“When you work hard for something you don’t like, that’s called stress. When you work hard for something you enjoy, that’s passion,” Greenwood Farm’s co-owner Paul Fullwood tells us, laughing.
After taking a five-minute trip out of suburbia, we’re discussing the concept of work vs passion with husband and wife team Angi and Paul Fullwood at their ‘urban farm’ in Worongary.
In a semi-rural area, the couple have converted their acre and a half property into their ‘farm’ and workplace with beehives, chooks and garden forming the basis of their produce, supplemented by other supplies.
Providores of honey, jam, sauces and chutneys, baking, produce, flowers, gourmet hampers and organic vegan skin care products, there seems to be no end to the diversity of the couple’s skills.
We sit on their veranda scooping up chutney and cheese with Angi’s hand-rolled crackers as they talk to us about their business.
“Many of us are divorced from our skills. We wanted to grow, produce, and keep connected to our community,” Paul relates about their journey, “to bring back ‘old school’.”
A chef by trade, Angi grew up in Merimbula, where she helped to make sauces for the family restaurant. With her eye for design detail, each product is beautifully presented, jams batch-labelled with time and date of production.
Angi’s multi-talented skills have also brought critical acclaim, winning 10 of the 13 categories she entered in the 2016 Mudgeeraba Show, and named Grand Champion of the show.
“Once a baker, always a baker,” says Angi, whose range of rustic cakes are a triumph. “It inspires me to keep going. Now Paul’s a part of the team and I can’t do this without him.”
While we’re eating jams, biscuits and cakes that Angi has made, we’re surrounded by Paul’s creations: the long tabletop stand the chutneys sit on, uniquely crafted hamper boxes, and handmade bee hives on the hill within sight.
“I’m very conscious of reusing things, of keeping things simple,” Paul tells us. “Wherever I can, I rebuild with things that come my way.”
Paul’s skills with wood originated in his country childhood in Ipswich, where he learned to make use of leftovers. They’re also not afraid of hard work, the core of many craft industries. In their previous project, the Lakeview Hotel, they could do between 100 and 3,000 covers a night depending on the season.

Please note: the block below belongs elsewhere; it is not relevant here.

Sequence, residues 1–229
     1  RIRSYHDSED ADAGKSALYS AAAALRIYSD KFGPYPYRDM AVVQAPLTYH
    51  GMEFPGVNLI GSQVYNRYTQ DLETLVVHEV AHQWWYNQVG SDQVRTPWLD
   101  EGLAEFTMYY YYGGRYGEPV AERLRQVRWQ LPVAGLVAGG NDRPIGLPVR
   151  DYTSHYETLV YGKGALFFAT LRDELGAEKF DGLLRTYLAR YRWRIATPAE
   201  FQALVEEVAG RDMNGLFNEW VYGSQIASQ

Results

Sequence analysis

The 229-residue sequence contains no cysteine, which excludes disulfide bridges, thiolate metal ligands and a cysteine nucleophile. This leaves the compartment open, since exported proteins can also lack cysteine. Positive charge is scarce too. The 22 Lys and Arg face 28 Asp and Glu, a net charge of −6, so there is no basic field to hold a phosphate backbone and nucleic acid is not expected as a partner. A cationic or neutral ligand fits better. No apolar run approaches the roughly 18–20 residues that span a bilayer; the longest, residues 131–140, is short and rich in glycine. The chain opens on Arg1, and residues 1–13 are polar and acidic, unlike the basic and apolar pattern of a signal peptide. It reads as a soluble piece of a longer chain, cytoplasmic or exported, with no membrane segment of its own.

Greenwood Farm, which they began in 2011, is a work of passion. When they moved to Worongary in 2014, Angi gave up her day job to work on the business, while Paul remains in fulltime employment additional to the business.
The farm follows a seasonal cycle, the couple using available materials and produce to produce their goods. Table boards are made of merbau, Paul using their own beeswax ‘Bring me back to life’, a by-product of the honey, to polish them.
Available for purchase online and at the farm gate, much of their organic food is sold wholesale to outlets such as Golosi Food Emporium or Mt Tamborine’s Witches Falls Winery.
With the business now sustainable, what advice would the couple give others who wish to follow an artisan path?
“We are trying to create a brand rather than a product,” the couple tell us, relating that their business journey has veered away from Angi’s original concept. “It’s about growing the brand with assurance of provenance and quality, and seeing where it goes, and what fits with what we do.”
“If you’re going to make a change, do it in your way,” Paul says, with Angi adding, “It’s all about balancing what you love with what works for you.”
‘Build it. Grow it. Cook it. Live it.’ Greenwood Farm is certainly a great exemplar of that model!
Springbrook Road (22.42 km) 4213 Gold Coast, Queensland 4213